UNITED STATES DISTRICT COURT EASTERN DISTRICT OF NEW YORK
March 25, 2009
JOHN PETRUCELLI, PRO SE, PLAINTIFF,
WARDEN DENNIS W. HASTY, TODD BAILEY, LIEUTENANT DANIEL ORTIZ, CAPTAIN S. LOPRESTI, AND LIEUTENANT W. MORAN. DEFENDANTS.
The opinion of the court was delivered by: Dora L. Irizarry, U.S. District Judge
Opinion and Order
Plaintiff John Anthony Petrucelli, a federal prisoner, brought this pro se action under Bivens v. Six Unknown Named Agents of Federal Bureau of Narcotics, 403 U.S. 388 (1970), against five current and former employees of the Federal Bureau of Prisons ("BOP") at the Metropolitan Detention Center in Brooklyn, New York ("MDC").*fn1 He alleges that Dennis W. Hasty, a former MDC warden, Todd Bailey, a former MDC Legal Counsel, Salvatore LoPresti, a former Captain, and Lieutenants Daniel Ortiz and William Moran (collectively "defendants") violated his due process rights under the Fifth Amendment by wrongfully detaining him for 180 days in the Special Housing Unit ("SHU") of the MDC. Defendants move to dismiss all claims pursuant to Fed. R. Civ. P. 12, and alternatively, for summary judgment pursuant to Fed. R. Civ. P. 56(b). For the reasons set forth below, the court grants the motion to dismiss because Petrucelli did not exhaust his administrative remedies as is required under the Prison Litigation Reform Act ("PLRA") for him to file a Bivens claim. Furthermore, even if Petrucelli satisfied the PLRA's exhaustion requirements, the court finds no issue of material fact that would require a trial, and therefore, would grant summary judgment in favor of defendants.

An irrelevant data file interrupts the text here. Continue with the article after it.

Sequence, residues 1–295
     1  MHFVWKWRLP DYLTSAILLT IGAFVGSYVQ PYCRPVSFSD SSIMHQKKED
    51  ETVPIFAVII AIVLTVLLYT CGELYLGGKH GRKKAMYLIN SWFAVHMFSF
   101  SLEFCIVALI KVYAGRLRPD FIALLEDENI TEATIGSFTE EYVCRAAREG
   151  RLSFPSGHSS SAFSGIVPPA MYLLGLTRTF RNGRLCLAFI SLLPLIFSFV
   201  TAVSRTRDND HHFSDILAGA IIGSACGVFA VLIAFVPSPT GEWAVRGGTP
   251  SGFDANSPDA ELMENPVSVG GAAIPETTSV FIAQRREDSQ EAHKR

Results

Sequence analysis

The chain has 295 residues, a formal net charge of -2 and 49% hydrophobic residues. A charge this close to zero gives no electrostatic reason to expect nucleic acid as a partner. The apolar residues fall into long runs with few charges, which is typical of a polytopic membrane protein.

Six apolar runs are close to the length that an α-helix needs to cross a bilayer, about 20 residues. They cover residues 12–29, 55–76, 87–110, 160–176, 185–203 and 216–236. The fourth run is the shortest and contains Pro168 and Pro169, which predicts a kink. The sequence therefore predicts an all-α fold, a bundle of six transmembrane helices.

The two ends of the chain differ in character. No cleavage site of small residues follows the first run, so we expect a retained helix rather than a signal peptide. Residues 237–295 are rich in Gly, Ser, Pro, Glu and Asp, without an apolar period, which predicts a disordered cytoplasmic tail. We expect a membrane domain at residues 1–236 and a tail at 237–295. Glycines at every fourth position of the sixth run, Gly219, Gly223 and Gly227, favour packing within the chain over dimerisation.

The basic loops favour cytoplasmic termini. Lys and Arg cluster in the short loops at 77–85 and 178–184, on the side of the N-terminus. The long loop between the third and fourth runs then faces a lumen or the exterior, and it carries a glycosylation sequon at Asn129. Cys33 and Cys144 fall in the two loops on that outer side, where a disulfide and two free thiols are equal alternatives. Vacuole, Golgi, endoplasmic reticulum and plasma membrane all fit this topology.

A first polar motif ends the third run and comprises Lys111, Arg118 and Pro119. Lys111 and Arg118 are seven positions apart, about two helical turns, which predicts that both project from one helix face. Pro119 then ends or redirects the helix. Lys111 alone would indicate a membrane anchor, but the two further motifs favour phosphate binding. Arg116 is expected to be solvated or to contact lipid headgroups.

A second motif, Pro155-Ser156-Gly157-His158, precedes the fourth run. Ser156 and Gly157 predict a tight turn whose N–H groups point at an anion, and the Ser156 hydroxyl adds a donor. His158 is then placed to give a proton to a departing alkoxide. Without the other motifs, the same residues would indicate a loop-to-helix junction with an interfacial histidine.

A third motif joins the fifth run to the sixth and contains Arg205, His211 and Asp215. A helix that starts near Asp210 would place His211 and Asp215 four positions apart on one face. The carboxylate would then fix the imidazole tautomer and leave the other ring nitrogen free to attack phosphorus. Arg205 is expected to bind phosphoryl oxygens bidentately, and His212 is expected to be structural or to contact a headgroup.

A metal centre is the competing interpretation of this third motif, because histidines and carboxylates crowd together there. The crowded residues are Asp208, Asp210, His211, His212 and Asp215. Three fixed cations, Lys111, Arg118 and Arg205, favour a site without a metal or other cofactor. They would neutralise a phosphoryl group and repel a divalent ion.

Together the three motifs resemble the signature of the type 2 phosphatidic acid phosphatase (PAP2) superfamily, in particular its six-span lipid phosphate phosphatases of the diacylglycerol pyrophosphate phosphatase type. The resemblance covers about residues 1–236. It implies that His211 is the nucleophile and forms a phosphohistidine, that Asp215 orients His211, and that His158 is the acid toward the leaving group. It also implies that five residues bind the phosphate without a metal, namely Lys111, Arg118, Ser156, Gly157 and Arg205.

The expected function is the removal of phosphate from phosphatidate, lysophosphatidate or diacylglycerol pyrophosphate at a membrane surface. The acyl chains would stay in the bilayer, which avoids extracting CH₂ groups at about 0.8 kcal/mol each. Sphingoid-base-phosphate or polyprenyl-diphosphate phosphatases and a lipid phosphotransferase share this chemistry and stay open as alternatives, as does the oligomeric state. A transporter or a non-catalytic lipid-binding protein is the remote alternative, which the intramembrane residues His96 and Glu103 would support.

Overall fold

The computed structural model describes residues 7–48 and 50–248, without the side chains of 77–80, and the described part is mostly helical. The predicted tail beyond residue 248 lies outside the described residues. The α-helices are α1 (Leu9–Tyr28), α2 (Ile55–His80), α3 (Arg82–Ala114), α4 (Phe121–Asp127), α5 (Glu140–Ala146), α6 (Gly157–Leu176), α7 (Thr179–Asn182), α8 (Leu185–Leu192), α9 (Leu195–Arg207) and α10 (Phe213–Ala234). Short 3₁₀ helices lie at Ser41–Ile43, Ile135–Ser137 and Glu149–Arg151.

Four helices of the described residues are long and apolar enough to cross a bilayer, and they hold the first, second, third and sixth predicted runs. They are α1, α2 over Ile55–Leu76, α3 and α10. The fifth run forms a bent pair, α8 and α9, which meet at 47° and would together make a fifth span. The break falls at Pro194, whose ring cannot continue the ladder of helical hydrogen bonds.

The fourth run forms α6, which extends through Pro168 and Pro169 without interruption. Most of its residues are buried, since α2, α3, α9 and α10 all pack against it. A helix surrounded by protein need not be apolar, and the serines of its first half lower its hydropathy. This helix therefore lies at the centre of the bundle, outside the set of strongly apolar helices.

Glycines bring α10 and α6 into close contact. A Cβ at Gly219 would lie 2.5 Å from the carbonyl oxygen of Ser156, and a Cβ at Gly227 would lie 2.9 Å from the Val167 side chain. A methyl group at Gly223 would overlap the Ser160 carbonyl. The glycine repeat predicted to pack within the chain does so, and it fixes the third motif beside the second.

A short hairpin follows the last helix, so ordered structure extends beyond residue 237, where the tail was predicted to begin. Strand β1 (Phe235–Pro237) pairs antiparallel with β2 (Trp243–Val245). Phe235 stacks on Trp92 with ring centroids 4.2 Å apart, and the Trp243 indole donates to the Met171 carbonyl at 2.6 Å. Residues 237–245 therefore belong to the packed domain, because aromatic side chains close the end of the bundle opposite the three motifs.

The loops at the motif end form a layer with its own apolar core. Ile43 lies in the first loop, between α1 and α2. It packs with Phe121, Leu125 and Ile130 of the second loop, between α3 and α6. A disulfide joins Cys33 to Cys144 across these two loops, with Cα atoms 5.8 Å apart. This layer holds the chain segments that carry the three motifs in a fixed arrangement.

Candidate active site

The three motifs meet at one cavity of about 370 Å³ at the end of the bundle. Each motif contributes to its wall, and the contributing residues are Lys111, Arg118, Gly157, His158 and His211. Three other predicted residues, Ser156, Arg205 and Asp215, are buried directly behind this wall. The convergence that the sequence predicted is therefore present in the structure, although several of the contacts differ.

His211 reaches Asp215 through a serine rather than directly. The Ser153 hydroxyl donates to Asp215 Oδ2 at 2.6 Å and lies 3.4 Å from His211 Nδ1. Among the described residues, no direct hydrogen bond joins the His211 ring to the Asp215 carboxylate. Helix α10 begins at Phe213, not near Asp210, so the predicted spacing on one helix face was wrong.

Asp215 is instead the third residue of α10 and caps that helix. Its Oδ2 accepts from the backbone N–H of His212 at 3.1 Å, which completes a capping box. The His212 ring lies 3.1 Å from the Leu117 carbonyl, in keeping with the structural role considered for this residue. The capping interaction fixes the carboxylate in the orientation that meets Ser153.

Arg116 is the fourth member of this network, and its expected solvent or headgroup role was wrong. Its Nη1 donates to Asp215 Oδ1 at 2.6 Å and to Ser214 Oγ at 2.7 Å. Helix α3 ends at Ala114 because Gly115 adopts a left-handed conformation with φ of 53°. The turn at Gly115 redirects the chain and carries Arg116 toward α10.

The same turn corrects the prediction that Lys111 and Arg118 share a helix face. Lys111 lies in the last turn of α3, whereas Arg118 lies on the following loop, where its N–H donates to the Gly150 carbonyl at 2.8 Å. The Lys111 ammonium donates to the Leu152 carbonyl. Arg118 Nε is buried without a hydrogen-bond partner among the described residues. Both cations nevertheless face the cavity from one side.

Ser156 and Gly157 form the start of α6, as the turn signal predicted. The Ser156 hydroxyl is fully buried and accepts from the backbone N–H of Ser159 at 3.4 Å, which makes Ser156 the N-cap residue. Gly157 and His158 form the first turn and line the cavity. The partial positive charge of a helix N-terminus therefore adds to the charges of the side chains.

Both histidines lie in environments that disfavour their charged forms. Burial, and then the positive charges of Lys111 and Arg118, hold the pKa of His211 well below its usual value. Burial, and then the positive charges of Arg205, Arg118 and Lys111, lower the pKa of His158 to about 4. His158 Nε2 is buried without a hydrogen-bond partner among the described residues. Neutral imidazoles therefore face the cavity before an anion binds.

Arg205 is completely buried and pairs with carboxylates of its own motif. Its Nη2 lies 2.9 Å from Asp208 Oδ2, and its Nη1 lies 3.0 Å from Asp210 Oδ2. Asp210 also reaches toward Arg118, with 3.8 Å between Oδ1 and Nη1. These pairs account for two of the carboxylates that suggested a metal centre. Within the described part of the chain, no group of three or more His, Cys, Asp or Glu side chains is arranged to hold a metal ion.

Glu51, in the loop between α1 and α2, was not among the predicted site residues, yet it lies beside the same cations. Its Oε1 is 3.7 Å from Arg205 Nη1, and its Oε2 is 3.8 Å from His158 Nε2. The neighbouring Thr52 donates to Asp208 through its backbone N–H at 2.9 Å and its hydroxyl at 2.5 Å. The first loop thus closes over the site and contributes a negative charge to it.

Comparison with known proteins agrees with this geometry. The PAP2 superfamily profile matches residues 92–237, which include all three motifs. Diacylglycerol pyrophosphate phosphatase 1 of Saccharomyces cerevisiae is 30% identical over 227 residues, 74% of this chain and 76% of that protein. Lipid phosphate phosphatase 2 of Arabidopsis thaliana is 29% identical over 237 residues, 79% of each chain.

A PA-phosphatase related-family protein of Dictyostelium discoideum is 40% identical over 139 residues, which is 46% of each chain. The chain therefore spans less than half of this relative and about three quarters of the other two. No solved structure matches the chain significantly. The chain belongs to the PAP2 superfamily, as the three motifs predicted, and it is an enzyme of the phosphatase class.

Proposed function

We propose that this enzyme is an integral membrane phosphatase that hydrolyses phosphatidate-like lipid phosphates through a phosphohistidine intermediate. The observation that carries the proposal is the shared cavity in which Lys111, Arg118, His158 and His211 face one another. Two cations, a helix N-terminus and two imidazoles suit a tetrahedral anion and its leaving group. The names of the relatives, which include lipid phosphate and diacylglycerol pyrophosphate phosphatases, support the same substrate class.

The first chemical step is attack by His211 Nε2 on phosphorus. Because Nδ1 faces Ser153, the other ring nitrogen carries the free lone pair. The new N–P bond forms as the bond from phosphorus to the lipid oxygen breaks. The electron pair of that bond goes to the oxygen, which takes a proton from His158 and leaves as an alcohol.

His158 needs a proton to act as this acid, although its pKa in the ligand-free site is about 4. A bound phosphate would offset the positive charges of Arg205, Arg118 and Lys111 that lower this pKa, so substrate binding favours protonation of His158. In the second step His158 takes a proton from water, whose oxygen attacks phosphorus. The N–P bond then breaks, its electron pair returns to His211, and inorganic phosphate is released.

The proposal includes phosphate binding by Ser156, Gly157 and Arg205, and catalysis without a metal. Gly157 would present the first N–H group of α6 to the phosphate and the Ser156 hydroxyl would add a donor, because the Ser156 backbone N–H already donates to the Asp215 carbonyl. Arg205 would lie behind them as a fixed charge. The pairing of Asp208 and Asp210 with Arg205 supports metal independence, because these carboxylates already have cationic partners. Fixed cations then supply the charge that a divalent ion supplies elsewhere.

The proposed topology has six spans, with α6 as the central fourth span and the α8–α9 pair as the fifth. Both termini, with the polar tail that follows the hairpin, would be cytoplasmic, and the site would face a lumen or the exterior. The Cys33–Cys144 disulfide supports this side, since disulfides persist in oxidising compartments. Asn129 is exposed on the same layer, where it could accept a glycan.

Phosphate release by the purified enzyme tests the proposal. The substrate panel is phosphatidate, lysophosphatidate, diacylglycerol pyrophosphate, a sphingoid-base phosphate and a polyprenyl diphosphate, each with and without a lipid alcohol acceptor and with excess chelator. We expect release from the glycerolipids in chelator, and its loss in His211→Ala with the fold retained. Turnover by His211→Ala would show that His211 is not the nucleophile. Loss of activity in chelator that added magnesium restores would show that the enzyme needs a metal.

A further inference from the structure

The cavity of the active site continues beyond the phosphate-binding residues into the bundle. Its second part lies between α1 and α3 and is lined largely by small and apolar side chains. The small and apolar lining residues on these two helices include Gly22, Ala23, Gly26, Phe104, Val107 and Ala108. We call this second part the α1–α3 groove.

I. Factual Background